CAD is a continuous process from SAP to UAP and ultimately to MI, which mainly results from the progression of plaque dynamics (Andersson and Vasan, 2014). In functional studies, PARP inhibition or deletion could lead to an increase in collagen content (Oumouna-Benachour et al., 2007), the prevention of dyslipidemia-induced endothelial dysfunction (Hans et al., 2009a), and the reduction in plaque sizes and numbers (Oumouna-Benachour et al., 2007; von Lukowicz et al., 2008; Hans et al., 2009a), suggesting the key roles of PARP activities in plaque progression (Oumouna-Benachour et al., 2007). However, a case-control study from India failed to find a significant association between SNP rs1136410 and MI in patients with T2DM (Narne et al., 2012). Considering the relatively small sample size of Narne et al.'s study (73 MI patients and 121 controls) and the different genetic background between Indians and Chinese (a minor allele frequency of rs1136410: 23.1% in Narne et al.'s controls; 42.7% in our controls), we performed subtype analyses in two sets of our study, and found the protective effects of SNP rs1136410 on MI and UAP. Then, patients with MI and UAP had higher PARP activities than controls. Finally, the variant genotype GG of SNP rs1136410 showed a significantly inverse association with CAD severity, as determined by LMCA lesions, vessel scores, and modified Gensini scores. All these results together indicate that SNP rs1136410 and PARP activities may involve the progression of CAD, and exert greater effects on UAP and MI than on SAP in the Chinese Han population.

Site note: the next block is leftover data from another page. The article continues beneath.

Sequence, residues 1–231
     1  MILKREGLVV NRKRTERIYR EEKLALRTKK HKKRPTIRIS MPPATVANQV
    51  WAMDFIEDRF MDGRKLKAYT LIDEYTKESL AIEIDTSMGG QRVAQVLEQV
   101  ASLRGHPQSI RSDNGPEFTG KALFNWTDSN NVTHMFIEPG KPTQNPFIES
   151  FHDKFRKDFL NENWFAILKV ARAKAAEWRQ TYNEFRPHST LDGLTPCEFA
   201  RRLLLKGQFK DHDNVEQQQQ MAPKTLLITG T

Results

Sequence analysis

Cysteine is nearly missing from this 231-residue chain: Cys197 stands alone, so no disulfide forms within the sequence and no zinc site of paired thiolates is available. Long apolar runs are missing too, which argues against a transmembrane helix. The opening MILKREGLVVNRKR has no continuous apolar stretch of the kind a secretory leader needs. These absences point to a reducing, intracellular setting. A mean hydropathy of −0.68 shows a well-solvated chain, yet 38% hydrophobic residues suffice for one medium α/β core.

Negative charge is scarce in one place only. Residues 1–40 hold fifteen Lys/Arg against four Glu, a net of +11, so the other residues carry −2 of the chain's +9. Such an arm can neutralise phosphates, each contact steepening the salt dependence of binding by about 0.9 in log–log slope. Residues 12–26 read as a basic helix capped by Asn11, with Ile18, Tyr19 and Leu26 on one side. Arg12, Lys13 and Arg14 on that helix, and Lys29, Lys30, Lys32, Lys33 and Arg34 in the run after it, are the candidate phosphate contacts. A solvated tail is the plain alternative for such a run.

In mice, PARP-1 ablation or treatment of PARP inhibitors could dramatically reduce TC (Hans et al., 2009a; Bai et al., 2011) and LDL-c levels (Hans et al., 2009a,b), elevate HDL-c levels (Hans et al., 2009a), and consequently ameliorate the atherogenic index (Hans et al., 2009a) on either regular or high fat diet. This evidence, combined with the decreased effect of SNP rs1136410 on PARP activities, promoted us to test whether SNP rs1136410 was associated with lipid levels in our population study. We found a constantly strong association between SNP rs1136410 and increased HDL-c levels in both cases and controls, and a modest effect of SNP rs1136410 on decreased TC levels only in controls. Recently, functional studies further showed that PARP inhibition in macrophages enhanced ABCA1-induced cholesterol efflux (Shrestha et al., 2016), and increased the detoxification of free cholesterol by down-regulation of ACAT-1 expression (Hans et al., 2008) (a gene suppressing cholesterol efflux (Hongo et al., 2009). Considering all the evidence above, it is reasonable to speculate that SNP rs1136410 may regulate HDL-c metabolism by reducing PARP activities and subsequently enhancing cholesterol efflux.